Every scribe who has been trained for the kingdom of heaven is like a householder who brings out of their treasure what is new and what is old.”
Some years ago, I was at an international church gathering where we were challenged by daily bible studies on neglected parts of Scripture.
These particular ‘treasures’ immersed us in stories of violence and barely believable injustice.
We batted ideas around, but it was noticeable that one of our number, from Burma/Myanmar was very quiet.
Eventually, we were all longing to hear what he might have to say. When he did speak, he silenced us all. “That’s the way it is back home….”
As I’ve begun to get my teeth into Eco-Chaplaincy, at this time of high drama in the news, with a growing awareness of the urgency of action, so too, I’m rummaging around in the treasure-box of Christian scripture and tradition.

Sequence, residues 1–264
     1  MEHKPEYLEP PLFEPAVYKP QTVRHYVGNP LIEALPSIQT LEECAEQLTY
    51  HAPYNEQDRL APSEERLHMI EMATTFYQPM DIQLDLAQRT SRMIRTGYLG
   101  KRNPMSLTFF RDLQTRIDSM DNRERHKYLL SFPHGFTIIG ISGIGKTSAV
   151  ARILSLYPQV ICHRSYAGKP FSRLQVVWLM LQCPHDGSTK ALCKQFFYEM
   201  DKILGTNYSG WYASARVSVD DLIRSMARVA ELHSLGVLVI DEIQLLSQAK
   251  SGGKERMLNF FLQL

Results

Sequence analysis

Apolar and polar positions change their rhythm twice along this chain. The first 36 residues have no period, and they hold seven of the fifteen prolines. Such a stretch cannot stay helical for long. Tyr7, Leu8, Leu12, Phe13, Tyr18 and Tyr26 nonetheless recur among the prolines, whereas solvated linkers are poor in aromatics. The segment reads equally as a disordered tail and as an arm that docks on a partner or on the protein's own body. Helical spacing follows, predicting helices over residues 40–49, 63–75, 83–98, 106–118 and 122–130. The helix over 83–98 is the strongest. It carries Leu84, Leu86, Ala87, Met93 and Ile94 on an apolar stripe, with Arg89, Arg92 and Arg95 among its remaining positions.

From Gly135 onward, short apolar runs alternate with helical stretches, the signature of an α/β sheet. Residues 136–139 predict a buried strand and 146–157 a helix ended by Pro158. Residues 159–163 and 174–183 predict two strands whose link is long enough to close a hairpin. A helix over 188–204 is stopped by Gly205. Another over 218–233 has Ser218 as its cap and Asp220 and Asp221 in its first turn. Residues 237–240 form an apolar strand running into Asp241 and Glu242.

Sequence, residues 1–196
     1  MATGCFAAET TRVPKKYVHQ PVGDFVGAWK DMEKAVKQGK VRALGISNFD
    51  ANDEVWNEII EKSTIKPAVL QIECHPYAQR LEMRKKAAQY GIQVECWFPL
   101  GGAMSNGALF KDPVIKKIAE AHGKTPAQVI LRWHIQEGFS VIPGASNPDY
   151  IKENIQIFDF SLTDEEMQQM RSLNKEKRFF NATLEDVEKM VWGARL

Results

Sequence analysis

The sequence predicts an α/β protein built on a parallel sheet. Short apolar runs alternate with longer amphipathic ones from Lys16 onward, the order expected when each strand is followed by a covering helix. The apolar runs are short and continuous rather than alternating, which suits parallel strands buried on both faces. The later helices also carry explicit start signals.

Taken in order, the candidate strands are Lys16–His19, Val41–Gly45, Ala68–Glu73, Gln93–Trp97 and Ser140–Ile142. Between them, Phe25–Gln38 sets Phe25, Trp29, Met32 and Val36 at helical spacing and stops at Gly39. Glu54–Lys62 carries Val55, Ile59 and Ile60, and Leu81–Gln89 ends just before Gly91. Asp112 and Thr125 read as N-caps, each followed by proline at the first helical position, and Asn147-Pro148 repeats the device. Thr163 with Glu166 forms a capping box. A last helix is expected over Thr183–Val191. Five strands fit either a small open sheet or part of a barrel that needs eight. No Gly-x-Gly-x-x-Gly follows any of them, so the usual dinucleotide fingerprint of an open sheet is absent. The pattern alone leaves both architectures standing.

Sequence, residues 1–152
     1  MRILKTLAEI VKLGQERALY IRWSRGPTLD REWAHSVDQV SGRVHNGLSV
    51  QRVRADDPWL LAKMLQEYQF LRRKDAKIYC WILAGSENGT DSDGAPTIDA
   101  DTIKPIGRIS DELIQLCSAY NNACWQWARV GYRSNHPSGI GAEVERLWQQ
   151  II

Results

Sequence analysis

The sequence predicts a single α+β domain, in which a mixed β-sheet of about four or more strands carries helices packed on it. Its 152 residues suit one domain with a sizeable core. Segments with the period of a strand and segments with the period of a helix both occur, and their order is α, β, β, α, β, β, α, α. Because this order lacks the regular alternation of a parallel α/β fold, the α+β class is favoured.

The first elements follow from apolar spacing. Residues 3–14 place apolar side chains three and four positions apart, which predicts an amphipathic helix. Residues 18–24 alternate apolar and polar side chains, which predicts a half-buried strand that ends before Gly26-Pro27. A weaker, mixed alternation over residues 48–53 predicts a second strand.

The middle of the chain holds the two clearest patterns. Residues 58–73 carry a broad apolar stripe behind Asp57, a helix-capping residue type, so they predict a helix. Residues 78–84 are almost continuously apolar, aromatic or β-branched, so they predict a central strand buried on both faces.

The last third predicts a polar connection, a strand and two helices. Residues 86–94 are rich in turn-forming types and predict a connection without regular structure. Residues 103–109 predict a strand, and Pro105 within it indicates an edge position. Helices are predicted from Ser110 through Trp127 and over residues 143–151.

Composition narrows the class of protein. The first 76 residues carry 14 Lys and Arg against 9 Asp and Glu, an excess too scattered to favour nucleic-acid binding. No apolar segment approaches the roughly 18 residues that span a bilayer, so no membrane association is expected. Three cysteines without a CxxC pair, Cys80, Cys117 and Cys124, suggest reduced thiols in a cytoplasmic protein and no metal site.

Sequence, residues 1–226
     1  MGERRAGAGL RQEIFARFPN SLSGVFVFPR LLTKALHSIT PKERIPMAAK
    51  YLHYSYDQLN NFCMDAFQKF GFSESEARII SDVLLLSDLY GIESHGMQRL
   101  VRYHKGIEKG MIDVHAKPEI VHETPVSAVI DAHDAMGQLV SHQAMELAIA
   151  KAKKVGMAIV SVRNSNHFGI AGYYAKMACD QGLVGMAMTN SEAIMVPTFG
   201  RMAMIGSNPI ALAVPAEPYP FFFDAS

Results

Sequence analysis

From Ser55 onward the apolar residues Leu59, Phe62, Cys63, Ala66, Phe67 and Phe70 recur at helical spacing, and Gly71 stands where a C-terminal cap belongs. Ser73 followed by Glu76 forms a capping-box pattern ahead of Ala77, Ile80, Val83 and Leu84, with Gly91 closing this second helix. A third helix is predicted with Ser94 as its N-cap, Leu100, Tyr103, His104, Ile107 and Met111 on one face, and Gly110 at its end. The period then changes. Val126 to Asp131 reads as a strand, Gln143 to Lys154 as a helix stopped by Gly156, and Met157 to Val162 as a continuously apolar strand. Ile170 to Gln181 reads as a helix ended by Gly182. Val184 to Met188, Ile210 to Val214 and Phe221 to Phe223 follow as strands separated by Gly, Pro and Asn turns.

What is coming to light, is both how widely Christianity is equipped for catastrophic times…. and how universally that equipment is ignored, disregarded, ridiculed, or completely misunderstood. With Advent in sight, when lectionaries and other traditions entertain apocalyptic Bible readings, these previously quaint or ornamental texts of turmoil are beginning to assert their relevance, with language full or environmental and political upheaval.
When visiting congregations, I’ve been very open, both about the seriously grim prospects for climate change, as well as looking for ways to say, with eyes wide open, and with integrity ‘Halleluyah anyway’. As a movement, we are certainly a work in progress, but with great potential in shaping the witness of the churches in a time of threat without precedent. Because, without action, “that’s the way it’s going to be back home” … for our common home, the Earth.
love & peace,
Rev’d David J.M.Coleman